In his next thought he wondered, “Is this what it means to be insane?” Then arose the fear that led to a new fear that the questions meant there was something wrong with him. Meyer speculates that a psychologist might have diagnosed him with anxiety leading to a panic attack.
In college, though, Meyer was able to find some clarity and context for his experience in the study of existentialism: “Without an infinite reference point, nothing finite has any ultimate meaning or value.” (Paraphrasing John Paul Sartre). Meyer realized, “That was what was bothering me!”
Everything is in flux from our human vantage point. Everything is passing, passing, passing….. Nothing has any lasting meaning or value from the position of a finite being. The anxiety he felt was a “metaphysical anxiety”.
Stephen Meyer’s journey is somewhat similar to mine, except for the details. This journey is also common to human experience, and it has ancient roots. Anyone who has spent any time reading Ecclesiastes knows what I am talking about.
“It” dissipated as he got into college and began to wrestle with meaning from an academic angle, but the angst would “come back with a vengeance” at times as he realized that nothing another finite person could say to him could provide resolution for him.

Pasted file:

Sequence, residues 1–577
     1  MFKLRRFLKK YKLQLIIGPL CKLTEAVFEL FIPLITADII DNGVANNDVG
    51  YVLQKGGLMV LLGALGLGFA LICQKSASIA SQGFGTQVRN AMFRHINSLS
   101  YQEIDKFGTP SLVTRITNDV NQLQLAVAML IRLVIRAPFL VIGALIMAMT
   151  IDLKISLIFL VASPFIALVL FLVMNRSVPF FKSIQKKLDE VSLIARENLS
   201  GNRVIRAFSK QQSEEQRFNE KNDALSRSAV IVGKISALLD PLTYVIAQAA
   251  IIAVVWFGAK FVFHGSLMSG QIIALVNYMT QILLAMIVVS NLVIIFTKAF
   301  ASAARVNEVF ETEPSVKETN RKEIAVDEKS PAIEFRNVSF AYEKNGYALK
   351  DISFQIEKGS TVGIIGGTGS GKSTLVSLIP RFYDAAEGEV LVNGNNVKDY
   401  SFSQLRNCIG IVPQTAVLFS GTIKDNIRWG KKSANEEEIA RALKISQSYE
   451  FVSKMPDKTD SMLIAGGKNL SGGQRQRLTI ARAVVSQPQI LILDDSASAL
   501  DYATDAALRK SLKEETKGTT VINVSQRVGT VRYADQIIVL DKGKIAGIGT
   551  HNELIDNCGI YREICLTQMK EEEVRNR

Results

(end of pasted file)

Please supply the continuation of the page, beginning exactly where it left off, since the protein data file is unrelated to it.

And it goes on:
It was during this time in college that he started reading the Bible. One day he came across the statement,
“Jesus is the same yesterday, today and forever”. (Heb. 13:8)
Another time he found the name given to God in Exodus:
“I Am that I Am”. (Ex. 3:14)
He thought, “Maybe this is the thing that doesn’t change that is the basis of all reality.”
He had an intuition that something must exist that doesn’t change, or everything else that is constantly changing has no substance or reality, but he didn’t have a potential source for that “something” until he read the Bible. But, then he encountered a different problem: he wasn’t sure he wanted to embrace the answer.
He found potential answers in the Bible, and he eventually became a Christian, but his conversion was “tortuous and gradual”. He first became convinced of theism. Then he became convinced of Christianity, but he “didn’t want it to be true”.
Ultimately, the biblical answers were the best one he could find. As he embraced them, he says, “I began to feel normal for the first time.” They provided foundation for his thinking: